Beef jerky is a delicious and convenient snack that can be enjoyed on-the-go or stored for later. But what if you want to extend its shelf life even further?
Can you freeze dry beef jerky?
The answer is yes, but there are some important things to keep in mind.
In this article, we’ll explore the pros and cons of freezing beef jerky, as well as the process of freeze drying it.
Whether you’re a fan of traditional beef jerky or looking for a new way to preserve your favorite snack, read on to learn more about freeze drying beef jerky.
Can You Freeze Dry Beef Jerky?
Freezing beef jerky is a common method of extending its shelf life. If stored in an airtight package, frozen beef jerky can last an additional 6-12 months beyond its normal storage life of up to a year. However, freezing beef jerky can diminish its sensory qualities such as taste, texture, and freshness.
Freeze-dried jerky, on the other hand, is a different story. While it won’t have the same texture as traditionally made jerky, freeze-dried jerky is far more versatile as it can be rehydrated or eaten as-is and stores well. It is also possible to freeze-dry already made jerky, though success will depend on the type of jerky and its ingredients.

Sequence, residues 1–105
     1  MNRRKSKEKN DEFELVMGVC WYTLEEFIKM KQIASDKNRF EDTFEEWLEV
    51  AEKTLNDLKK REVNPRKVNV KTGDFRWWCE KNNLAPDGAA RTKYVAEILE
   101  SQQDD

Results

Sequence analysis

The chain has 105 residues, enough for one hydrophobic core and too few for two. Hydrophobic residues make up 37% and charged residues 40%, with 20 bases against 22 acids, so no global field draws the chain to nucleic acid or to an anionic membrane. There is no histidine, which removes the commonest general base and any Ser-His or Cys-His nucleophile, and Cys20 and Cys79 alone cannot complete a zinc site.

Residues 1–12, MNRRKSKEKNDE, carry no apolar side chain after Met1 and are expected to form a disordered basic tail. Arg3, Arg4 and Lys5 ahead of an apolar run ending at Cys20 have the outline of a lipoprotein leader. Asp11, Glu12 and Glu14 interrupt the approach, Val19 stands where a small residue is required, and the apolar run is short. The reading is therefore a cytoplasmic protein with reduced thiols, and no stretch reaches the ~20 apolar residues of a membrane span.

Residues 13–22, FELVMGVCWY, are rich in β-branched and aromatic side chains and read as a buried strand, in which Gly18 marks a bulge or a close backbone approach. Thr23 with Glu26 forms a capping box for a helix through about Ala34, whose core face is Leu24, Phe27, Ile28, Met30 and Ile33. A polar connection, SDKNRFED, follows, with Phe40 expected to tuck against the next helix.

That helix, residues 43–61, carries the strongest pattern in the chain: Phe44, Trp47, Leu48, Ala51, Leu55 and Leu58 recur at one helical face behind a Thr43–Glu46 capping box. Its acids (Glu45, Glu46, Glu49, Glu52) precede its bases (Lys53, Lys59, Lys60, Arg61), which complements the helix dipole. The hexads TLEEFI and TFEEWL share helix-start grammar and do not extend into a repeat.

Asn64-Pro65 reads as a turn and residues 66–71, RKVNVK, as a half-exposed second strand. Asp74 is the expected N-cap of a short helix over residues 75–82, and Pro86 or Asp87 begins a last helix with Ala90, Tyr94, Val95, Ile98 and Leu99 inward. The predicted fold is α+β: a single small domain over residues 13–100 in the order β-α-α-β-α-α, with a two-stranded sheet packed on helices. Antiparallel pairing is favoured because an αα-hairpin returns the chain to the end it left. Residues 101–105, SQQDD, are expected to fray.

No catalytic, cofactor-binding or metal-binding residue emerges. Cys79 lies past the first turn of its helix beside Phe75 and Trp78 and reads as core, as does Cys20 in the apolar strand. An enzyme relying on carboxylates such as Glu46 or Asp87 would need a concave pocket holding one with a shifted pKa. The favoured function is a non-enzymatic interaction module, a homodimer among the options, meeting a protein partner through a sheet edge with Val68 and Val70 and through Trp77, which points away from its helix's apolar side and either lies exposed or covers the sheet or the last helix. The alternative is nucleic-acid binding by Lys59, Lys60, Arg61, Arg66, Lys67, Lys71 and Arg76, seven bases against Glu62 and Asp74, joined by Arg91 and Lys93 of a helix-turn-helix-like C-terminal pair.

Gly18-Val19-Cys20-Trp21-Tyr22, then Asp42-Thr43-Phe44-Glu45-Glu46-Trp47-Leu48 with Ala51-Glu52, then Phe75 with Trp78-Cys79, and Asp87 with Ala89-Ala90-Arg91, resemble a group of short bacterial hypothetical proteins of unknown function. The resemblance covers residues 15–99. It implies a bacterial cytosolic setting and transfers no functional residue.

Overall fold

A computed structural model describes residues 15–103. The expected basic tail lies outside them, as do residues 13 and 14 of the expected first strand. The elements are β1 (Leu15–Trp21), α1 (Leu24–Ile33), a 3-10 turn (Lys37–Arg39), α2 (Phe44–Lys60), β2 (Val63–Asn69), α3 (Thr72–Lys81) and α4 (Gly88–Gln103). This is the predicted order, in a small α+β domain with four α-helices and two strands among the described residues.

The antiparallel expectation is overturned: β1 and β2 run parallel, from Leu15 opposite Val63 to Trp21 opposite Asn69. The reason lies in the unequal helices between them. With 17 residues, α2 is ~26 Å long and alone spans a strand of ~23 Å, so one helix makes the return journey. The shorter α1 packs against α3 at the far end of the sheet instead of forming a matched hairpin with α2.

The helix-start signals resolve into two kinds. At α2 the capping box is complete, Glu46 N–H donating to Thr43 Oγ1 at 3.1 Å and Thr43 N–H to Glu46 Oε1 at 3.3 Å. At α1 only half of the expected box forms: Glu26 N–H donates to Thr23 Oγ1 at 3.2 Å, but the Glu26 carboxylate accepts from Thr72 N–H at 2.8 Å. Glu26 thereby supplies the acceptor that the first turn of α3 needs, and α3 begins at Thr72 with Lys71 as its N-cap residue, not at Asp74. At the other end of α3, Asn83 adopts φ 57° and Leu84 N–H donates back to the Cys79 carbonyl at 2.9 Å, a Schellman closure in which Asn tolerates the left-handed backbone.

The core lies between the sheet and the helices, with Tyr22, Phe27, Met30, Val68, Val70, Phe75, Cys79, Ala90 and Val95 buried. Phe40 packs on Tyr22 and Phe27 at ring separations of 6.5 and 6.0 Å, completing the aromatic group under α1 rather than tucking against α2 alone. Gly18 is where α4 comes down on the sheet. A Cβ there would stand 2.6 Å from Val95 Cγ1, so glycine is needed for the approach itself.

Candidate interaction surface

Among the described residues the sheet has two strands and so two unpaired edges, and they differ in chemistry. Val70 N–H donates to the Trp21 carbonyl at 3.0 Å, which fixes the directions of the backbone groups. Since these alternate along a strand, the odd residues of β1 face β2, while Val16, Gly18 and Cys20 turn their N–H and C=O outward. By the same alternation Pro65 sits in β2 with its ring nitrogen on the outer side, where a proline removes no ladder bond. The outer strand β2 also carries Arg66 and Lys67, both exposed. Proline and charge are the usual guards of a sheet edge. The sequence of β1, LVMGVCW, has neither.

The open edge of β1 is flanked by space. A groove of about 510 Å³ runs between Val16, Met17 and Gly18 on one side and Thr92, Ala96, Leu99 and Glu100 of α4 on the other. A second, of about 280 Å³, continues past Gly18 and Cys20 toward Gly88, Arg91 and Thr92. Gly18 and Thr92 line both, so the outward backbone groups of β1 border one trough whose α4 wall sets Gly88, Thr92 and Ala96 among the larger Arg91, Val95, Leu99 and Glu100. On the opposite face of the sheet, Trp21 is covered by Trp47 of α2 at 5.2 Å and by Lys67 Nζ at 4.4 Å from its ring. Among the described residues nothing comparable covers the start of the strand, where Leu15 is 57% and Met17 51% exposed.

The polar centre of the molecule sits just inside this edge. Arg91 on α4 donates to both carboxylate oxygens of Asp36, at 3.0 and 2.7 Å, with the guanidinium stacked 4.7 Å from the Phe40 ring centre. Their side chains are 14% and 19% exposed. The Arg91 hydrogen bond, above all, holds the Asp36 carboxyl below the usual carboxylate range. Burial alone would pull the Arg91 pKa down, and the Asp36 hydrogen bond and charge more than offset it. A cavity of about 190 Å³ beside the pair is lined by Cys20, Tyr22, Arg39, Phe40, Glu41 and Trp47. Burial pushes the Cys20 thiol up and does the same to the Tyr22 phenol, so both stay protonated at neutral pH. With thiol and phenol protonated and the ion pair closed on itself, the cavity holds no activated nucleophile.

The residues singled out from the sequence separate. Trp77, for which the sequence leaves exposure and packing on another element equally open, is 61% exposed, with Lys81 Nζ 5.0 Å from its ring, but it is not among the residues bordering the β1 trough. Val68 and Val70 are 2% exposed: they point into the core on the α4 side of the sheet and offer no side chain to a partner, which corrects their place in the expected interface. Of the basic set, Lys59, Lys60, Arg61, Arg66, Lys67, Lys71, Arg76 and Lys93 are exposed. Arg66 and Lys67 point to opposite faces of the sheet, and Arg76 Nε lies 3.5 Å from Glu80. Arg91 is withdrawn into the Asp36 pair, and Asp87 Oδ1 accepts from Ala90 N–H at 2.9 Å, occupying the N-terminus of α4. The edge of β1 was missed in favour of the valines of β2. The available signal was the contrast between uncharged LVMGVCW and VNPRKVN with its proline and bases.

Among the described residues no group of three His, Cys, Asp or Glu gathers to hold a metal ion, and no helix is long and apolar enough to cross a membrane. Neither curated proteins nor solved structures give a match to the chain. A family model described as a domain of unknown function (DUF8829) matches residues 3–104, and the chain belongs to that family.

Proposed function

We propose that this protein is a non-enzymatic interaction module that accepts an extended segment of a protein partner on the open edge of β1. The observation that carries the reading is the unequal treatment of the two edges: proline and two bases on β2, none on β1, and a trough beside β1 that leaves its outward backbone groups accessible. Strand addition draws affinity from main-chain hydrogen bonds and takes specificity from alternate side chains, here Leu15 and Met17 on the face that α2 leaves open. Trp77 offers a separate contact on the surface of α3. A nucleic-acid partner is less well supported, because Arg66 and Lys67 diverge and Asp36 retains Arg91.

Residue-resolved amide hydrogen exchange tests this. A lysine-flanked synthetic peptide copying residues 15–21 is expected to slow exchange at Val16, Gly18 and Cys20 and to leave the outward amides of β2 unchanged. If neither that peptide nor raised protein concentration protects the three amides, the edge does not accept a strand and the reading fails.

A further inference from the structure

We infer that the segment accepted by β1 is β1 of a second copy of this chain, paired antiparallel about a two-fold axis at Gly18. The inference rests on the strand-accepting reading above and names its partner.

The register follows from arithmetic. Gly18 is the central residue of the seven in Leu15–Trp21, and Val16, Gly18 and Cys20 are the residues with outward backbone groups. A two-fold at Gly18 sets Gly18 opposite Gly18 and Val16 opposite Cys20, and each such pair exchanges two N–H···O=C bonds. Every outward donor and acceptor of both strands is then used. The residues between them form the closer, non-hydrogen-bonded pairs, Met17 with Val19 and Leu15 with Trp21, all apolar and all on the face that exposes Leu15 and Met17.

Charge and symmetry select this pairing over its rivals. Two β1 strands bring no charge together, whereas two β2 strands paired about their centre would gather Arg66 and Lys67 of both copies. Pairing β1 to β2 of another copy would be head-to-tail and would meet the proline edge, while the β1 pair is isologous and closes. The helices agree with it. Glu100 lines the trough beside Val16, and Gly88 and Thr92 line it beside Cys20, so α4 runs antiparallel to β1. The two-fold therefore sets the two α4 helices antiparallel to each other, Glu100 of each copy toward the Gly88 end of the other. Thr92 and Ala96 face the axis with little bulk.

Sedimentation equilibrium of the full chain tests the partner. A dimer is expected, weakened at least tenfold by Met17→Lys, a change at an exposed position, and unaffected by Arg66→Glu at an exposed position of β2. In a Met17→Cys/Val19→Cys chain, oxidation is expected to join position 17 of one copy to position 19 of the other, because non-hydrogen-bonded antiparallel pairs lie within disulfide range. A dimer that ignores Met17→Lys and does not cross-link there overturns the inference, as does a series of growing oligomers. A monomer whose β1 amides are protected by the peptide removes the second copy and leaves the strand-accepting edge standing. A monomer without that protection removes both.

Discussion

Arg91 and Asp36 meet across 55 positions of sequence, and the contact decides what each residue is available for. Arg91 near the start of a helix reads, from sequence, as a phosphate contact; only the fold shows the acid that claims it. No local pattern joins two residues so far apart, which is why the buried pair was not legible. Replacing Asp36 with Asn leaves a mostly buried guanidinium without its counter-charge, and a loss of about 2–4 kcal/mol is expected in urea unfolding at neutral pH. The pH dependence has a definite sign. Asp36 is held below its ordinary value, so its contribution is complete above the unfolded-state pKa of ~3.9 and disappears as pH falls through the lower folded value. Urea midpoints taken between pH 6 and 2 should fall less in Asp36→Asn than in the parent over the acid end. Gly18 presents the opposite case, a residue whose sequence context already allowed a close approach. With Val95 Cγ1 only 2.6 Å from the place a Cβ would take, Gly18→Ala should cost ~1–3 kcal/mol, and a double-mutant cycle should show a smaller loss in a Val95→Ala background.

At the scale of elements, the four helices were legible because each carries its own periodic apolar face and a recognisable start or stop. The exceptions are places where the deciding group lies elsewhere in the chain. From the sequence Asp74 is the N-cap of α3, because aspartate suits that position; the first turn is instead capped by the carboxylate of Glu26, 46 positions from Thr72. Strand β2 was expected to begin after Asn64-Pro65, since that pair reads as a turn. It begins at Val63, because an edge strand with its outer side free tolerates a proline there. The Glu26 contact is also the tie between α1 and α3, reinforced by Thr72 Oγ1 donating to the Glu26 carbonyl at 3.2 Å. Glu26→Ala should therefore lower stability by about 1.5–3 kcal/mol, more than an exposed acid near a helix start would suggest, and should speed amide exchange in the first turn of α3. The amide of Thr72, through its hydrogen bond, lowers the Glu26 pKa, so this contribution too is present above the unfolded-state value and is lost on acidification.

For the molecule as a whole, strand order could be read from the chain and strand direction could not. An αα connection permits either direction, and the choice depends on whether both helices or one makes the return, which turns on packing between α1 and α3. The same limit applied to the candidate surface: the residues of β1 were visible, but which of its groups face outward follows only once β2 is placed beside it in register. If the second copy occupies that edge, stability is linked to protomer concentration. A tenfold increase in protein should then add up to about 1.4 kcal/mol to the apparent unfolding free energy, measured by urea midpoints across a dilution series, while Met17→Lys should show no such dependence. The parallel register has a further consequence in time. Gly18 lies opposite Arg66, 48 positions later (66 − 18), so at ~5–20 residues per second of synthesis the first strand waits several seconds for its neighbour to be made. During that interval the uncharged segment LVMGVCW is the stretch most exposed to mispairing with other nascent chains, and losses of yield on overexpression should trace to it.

When freeze-drying beef jerky, it’s important to keep in mind that the texture will be different from traditional beef jerky. Freeze-dried jerky will easily snap into two when taken apart and have a dry consistency that requires chewing to rehydrate. However, the flavor is twice as intense compared to traditionally made beef jerky.
The Benefits Of Freeze Drying Beef Jerky
There are several benefits to freeze-drying beef jerky. Firstly, freeze-drying removes all the moisture from the jerky, which means it can be stored for a longer period of time without spoiling. Freeze-dried jerky can last for up to 25 years when stored correctly. This makes it an ideal option for those who want to stock up on jerky for emergencies, camping trips, or long-term storage.
Secondly, freeze-drying preserves the nutritional value of the beef jerky. Unlike other preservation methods that can destroy nutrients and enzymes in food, freeze-drying maintains the original nutritional content of the jerky. This means that you can enjoy a healthy snack that is high in protein and low in fat.